“Flow of history: The Burke Plant” is the seventh article in a series outlining the history of wastewater treatment in Madison from the mid-1800s through 1914. Earlier articles are available in the History section of our blog, beginning the series with Flow of history: Early concerns prompted community action.
By Paul Nehm
Although the wastewater treatment plant that began operation in 1901 near the Yahara River had reached its design capacity in 1907, the City of Madison did not purchase land for a new treatment plant until 1911. The site was about two miles north of the existing plant and was located in the Town of Burke, near what currently houses Bridges Golf Course and Truax Field. Interestingly, the site was located next to a large pig farm owned by veterinarian Dr. J.P. West, who collected garbage from the City of Madison and fed it to his pigs.
To convey the wastewater to the new plant, two new pumping stations were built. The Greenbush Station was constructed in Brittingham Park near Chandler Street. It replaced a pumping station that was located on South Murray Street near Milton Street. The Greenbush Station pumped the wastewater from what was then the west and south sides of Madison through a force main across the isthmus, toward the old treatment plant.
The second new pumping station, called the Main Station, was built at the corner of North First Street and East Johnson Street, near the old treatment plant. The force main from the Greenbush Station connected to the force main from the Main Station just outside of that station. The combined force main conveyed the wastewater from the city to the Burke Plant.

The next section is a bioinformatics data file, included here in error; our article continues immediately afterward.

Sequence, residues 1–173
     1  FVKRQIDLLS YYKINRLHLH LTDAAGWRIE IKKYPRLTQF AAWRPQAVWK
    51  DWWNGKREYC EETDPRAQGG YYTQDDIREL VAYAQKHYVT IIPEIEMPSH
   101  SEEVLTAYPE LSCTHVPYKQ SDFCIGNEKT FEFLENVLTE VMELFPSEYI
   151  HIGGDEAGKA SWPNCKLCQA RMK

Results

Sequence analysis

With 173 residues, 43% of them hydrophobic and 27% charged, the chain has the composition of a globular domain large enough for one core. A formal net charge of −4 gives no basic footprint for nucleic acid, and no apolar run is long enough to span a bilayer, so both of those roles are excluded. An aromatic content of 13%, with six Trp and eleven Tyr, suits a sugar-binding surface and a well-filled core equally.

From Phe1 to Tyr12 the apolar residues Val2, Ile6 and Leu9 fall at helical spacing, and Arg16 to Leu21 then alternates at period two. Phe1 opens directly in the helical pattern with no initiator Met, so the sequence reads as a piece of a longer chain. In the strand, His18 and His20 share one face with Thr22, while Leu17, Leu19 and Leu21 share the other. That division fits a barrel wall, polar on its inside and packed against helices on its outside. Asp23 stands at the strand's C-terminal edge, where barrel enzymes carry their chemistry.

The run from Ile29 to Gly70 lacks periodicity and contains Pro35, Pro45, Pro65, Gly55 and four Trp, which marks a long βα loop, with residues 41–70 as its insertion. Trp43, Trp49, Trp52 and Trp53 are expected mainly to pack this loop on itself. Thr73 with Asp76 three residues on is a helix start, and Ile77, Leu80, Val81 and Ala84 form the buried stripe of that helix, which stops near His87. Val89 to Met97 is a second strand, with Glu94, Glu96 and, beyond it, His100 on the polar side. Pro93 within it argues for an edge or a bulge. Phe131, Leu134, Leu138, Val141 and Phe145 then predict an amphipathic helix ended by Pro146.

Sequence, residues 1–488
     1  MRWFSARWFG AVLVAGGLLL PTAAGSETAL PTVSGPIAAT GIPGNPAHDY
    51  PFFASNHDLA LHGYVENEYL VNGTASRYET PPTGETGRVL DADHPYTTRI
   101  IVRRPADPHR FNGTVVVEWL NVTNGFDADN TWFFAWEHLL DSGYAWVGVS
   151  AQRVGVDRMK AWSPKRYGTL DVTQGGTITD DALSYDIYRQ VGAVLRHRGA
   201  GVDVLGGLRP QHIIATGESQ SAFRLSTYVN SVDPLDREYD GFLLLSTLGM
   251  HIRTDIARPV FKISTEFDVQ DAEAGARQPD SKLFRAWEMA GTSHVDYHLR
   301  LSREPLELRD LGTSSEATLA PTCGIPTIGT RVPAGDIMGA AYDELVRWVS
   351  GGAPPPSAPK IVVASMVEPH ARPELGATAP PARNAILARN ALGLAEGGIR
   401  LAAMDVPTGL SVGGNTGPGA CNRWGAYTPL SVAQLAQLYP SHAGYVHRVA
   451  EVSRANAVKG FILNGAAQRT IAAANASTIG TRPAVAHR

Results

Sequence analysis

The primary treatment portion of the Burke Plant was placed into service in 1914 and the trickling filter portion of the plant began operation in early 1916. Effluent from the plant flowed by gravity through an outfall to the Yahara River upstream of Lake Monona. The discharge of this water to the lake was felt by many residents to be the cause of significant odor issues in the lake. In response to these concerns, the Common Council commissioned a comprehensive study to be done on the cause of odors in the lake. Although the 1920 report from this study stated that decaying algae rather than the plant effluent was the cause of the odors, the public was not convinced.
The Burke Plant was designed for a flow of 5 million gallons per day (MGD), which was not expected to occur until 1930. However, by 1920 that rate of flow had already been reached. The average daily flow in 1922 was 6 MGD, rising to 6.8 MGD in 1927.
In 1924, Professor Charles I. Corp inspected a number of municipal treatment plants in Wisconsin for the State Sanitary Engineer. Although the Burke Plant was overloaded, his report placed the plant in a good light. With the exception of the Burke Plant, he found that all of the other plants had “more or less serious failure to properly function.” The Burke Plant’s ability to operate successfully under the overloaded conditions was probably due to the actions of its superintendent, James Mackin.
With the Burke Plant overloaded, the City had to decide if it was going to expand the plant or if it was going to build a treatment plant at another location. Eventually, a decision was made in 1923 to construct the Nine Springs Wastewater Treatment Plant. Until the Nine Springs Plant was completed in 1928, the Burke Plant continued to be overloaded and continued to discharge to Lake Monona, as it was not possible to discontinue the discharge of treated effluent to Lake Monona until the First Addition to the Nine Springs Plant was completed. With that addition, the Nine Springs Plant had enough capacity to treat the wastewater that the Burke Plant had been treating.
Editor’s note: The Burke Plant was retired from service on December 4, 1936. However, the Burke Plant returned to service the military installation at Truax Army Air Field during World War II. Between 1950 and the 1970s, Oscar Mayer Company took over operation of the plant as a pretreatment facility for their meatpacking wastes. The site is now owned by Madison Gas & Electric (MGE).
Much of the information for the article series was found in “Madison – A History of the Formative Years” by David V. Mollenhoff and in articles written by early leaders from Madison’s public works sector. The article was originally published in the Summer 2021 edition of the District’s newsletter, The Clarifier.